A guide to the north coast of Wales - the Menai bridge in the west to Prestatyn in the east. And inland to St Asaph, Flint and Mold. The coast has lots of fine beaches and resorts big and small
this is a land of and Norman castles
The coast of North Wales
It is about twenty miles of coastline in North Wales for you to enjoy. There are mainly long sandy beaches, broken by the occasional headlands. The main road follows the coast fairly closely, taking you through a series of resorts from Penmaenmawr in the west via Llandudno, Colwyn Bay and Rhyme to Prestatyn in the east In the course of you route, you are transferred from deepest Wales to the English borders
|Norman castles on the left are in the western stretch of North Wales Coast and the traditional seaside resorts on the eastern stretch|
The gazetteer below gives fuller information on the resorts and towns on the coast.
Major modern seaside resort with a three mile wide bay. All the usual amenities on the coast, plus a zoo.
There is a good walk for two miles up the Nant-y-Glynn valley to Christ Church at Bryn-y-maen. Climb the church tower to get views for miles over the surrounding countryside.
The town grew, on the coast, around the medieval castle, which is still in good repair today. Conwy Castle was built in the shape of a Welsh harp, its walls are 15 feet thick and a walk round their perimeter takes over half a mile. It was started, as were many Welsh castles, by Edward I in the late 13th century. It was here that Richard II finally surrendered to Henry Bolingbroke in 1399.
Telford's suspension bridge spans the Conwy river, and it was designed to compliment the castle's architecture.
Bodnant Gardens, 3 miles south of Conwy, are one of the most beautiful gardens in Britain, with the River Conwy and Snowdon in the background
Flint is another Welsh market town that grew from its medieval castle. The castle is now in ruins
The biggest of all the Welsh coastal holiday resorts, Llandudno lies between the headlands of Little Orme and Great Orme, with a great crescent of sandy beach in between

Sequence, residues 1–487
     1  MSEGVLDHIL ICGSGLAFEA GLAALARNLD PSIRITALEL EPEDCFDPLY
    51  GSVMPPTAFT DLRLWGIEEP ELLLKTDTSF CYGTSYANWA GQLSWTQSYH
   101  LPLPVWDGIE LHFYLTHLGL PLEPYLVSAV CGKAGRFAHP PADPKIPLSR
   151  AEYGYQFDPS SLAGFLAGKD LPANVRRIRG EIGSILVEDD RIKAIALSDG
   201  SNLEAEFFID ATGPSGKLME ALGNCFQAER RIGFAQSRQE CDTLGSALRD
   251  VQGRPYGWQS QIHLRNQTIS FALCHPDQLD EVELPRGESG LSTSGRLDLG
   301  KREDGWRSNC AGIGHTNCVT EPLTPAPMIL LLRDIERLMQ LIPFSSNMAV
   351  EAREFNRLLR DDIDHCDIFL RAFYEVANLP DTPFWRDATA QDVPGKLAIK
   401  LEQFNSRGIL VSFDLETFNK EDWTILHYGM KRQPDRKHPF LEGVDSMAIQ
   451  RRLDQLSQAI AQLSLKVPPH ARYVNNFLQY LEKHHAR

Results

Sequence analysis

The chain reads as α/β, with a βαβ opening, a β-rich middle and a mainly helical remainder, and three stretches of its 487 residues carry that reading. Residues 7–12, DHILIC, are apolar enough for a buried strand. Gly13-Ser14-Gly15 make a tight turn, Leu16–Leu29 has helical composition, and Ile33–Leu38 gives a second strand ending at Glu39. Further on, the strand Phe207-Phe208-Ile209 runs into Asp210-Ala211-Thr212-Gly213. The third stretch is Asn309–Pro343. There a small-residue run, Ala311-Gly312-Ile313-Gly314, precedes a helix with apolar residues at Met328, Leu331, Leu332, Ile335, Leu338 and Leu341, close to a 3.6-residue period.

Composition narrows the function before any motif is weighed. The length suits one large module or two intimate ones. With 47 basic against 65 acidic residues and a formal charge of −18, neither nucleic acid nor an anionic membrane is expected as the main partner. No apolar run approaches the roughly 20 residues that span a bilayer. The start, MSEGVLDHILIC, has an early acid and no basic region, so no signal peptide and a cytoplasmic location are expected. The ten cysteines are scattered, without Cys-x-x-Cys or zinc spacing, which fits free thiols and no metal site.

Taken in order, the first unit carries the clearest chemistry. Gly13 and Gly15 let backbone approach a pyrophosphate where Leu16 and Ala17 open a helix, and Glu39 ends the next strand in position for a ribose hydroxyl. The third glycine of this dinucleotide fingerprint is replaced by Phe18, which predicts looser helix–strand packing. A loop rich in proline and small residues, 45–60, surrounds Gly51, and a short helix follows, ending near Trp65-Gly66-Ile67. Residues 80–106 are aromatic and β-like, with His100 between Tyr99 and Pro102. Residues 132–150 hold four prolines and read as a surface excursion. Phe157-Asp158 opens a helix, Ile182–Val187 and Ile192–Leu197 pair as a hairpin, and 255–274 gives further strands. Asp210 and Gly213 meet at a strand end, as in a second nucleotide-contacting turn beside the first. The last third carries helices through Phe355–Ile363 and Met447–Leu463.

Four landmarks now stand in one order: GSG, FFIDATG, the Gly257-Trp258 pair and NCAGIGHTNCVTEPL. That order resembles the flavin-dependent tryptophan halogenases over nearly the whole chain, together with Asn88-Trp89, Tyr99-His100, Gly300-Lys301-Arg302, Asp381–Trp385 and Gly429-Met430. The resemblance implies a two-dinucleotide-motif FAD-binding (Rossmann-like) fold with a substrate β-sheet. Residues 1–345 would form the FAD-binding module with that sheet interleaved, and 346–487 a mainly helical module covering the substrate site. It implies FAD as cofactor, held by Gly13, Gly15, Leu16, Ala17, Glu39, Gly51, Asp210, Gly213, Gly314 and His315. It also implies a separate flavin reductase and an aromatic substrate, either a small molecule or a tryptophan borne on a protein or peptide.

To get to admire the view from the top of Great Ormes Head 680 feet high, take the cable car, or the funicular railway , or by road, or if you are really keen a brisk walk up Happy Valley. Little Ormes Head is still 465 feet high, and has views over the coast and Snowdonia from its craggy summit.
The town itself has managed to retain a lot of its original character, and has avoided being spoilt in the way that many of the Victorian resorts on the coast of Britain have been
A quiet market town, away from the bustle of the coast with an interesting High Street, whose buildings include a 15th century church.
Llanferres, 4 miles to the south west, gives good views over the mountains beyond
More than just a popular holiday resort on the North Wales Coast. Prestatyn was at the northern end of Offa's Dyke, the massive earthwork that marked the Welsh English boundary in the 8th century, and named after King Offa of Mercia who ordered its construction. It stretched from Prestatyn to Chepstow on the River Severn in England.
There are 4 miles of sandy beaches on one side, and good walking country on the other. Walks Gwaenysgor, with its Norman church, are particularly fine.
Known mainly as a modern seaside resort, with two enormous funfairs, the resort is packed with the usual amusements that are de rigor for such clientele visiting the coast.
King Edward I is said to have proclaimed his infant son the first Prince of Wales at Rhuddllan Castle, 2 miles south of Rhyl
St Asaph is not on the north Wales coast, but is inland A city - as it has a cathedral- and is one of the smallest cities in Britain. The cathedral dates from 573 AD, but the present building is partly Norman, mainly 15th century. It was extensively restored by Sir George Gilbert Scott in 1870
2 miles away at Cefn Caves are the remains of pre-historic man that are thought to be over 50,000 years old
Land of beaches and sand - North Wales Coast